In this same continuity, this same Bruce Wayne lives on, continuing his quest to protect Gotham long into his twilight years as advisor to Batman’s successor. The happiest ending we could expect, the writers insisted, was one in which being Batman didn’t completely alienate every person in his life or lead to his violent death.
If the animated shows acknowledged that being Batman is a hardship, Christopher Nolan’s trilogy of Dark Knight films made it the central thesis. Christian Bale portrays his Batman as somebody utterly crushed by the superhero life, such that he’s an unkempt shut-in by the time we meet him in The Dark Knight Rises. When he returns for the final fight against Bane, it seems inevitable that he’ll die in the attempt, and that this is the only thing that will put him out of his misery.
Whatever other missteps it may have made, The Dark Knight Rises nailed the ending for me precisely because Batman doesn’t die, and doesn’t spend the rest of a miserable wretched life obsessing over what kind of shark repellent he should keep stocked in his utility belt. Instead, he makes off with a bunch of his money to go on a sexy, tax-evading vacation with Catwoman forever.
Livin’ the dream!
This was possible precisely because Nolan’s movies weren’t tied into an endless immaculate corpse of a cinematic universe, and I think it’s one reason that people aren’t as harsh in their assessment of it even though it takes a lot of comparatively bold liberties with the Batman mythos. It’s off by itself, standing on its own, and whether or not you like it has no bearing on anything else going on. Bruce Wayne’s happiness doesn’t come at the expense of him consulting with Superman on how to run the Justice League, or mean that he’s not returning phone calls from Gotham PD when some other world-shaking threat occurs (because he beat all of them already). It’s a complete story, in other words.
Passing on the Shield in a Time of Neverending Story Arcs
I’m not here to discuss whether or not Steve Rogers’ resolution in Endgame makes any damn sense from a chronological standpoint. You could twist yourself into a rhetorical pretzel trying to explain how, once he jumps back in time to put Chekov’s various guns back on their respective mantles throughout history, he manages to simply remain in the past and live out the lifetime that his heroism stole from him. (The creators claim it’s as simple as him just jumping across alternate universes. Okay…)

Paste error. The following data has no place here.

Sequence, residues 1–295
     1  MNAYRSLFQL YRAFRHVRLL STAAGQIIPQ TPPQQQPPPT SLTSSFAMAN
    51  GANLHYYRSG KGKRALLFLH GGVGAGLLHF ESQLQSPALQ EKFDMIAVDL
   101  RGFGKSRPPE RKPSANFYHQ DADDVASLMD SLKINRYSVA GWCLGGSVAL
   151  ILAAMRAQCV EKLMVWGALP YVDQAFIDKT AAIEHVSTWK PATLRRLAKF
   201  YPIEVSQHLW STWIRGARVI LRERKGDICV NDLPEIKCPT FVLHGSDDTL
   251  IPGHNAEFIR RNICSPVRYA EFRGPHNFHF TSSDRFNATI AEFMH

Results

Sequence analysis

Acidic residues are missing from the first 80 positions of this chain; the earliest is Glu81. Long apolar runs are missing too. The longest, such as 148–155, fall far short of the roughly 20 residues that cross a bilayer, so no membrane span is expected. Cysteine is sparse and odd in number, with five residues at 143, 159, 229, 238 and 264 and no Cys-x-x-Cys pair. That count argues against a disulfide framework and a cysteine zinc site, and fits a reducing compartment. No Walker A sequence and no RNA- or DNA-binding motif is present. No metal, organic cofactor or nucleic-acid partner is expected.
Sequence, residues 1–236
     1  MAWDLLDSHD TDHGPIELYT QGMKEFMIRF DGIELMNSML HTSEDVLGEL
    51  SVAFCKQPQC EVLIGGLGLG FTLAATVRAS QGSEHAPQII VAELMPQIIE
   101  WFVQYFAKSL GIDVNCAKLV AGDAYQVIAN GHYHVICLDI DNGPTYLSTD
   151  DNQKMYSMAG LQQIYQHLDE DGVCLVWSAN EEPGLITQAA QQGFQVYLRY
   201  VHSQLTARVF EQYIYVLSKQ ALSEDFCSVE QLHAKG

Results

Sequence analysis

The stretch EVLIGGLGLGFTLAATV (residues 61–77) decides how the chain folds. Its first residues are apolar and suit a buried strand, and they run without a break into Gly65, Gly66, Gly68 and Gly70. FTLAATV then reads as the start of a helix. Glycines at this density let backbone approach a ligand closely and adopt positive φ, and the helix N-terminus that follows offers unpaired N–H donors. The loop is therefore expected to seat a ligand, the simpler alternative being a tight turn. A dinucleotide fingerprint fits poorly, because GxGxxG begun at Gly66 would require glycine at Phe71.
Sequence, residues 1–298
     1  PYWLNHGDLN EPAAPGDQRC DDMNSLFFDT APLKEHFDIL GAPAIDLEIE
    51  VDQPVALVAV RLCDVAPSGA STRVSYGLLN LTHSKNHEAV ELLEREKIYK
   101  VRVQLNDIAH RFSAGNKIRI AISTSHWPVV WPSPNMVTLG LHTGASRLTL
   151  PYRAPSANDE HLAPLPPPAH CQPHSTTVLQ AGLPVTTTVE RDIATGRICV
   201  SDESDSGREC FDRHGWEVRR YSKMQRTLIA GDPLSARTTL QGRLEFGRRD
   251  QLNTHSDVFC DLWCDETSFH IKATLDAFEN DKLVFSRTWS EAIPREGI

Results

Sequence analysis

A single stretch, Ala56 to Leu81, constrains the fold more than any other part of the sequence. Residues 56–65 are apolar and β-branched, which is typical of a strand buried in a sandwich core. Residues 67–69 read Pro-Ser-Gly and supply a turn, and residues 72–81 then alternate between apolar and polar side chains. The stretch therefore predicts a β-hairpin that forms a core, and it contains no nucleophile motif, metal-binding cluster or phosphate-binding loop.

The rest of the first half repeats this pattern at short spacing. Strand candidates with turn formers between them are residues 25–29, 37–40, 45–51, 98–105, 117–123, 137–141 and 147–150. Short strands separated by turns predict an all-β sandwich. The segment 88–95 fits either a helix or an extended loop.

The ending is nonetheless satisfying because of the way it contrasts with Iron Man’s by giving Captain America a seemingly impossible comedic resolution to a dramatic arc that seemed as if it could only end tragically. Viewed in hindsight, the pressing question of his story becomes not “Will the guy whose face is on the movie poster beat the bad guys?” but “Can this guy ever be happy when so much has been taken from him?”
Marvel sold that resolution, but consider what it took, in the context of their endless cinematic universe: Several movies of setting up a successor character so that Evans’ inevitable bowing out wouldn’t mean a jarring re-casting, and a plot point that demands you don’t examine it too closely or else give your brain a stack overflow error.
There hasn’t been an ending moment in any of the Marvel movies that equals Endgame cutting to black on Steve and Peggy because there hasn’t really been an ending until now, as we all hold our bladders through the credits to catch that next all-important stinger setting up the next chapter in the grand saga. Those individual chapters are diverting while we’re watching them, but 22 films later, this is the first time I’ve felt the urge to really look back on the whole story and consider what it actually all means. In this new box-office-busting paradigm Marvel has created, I think we’re even less likely to see such a denouement again for a long while.
Kenneth Lowe is out of Pym Particles. You can follow him on Twitter and read more of his writing at his blog.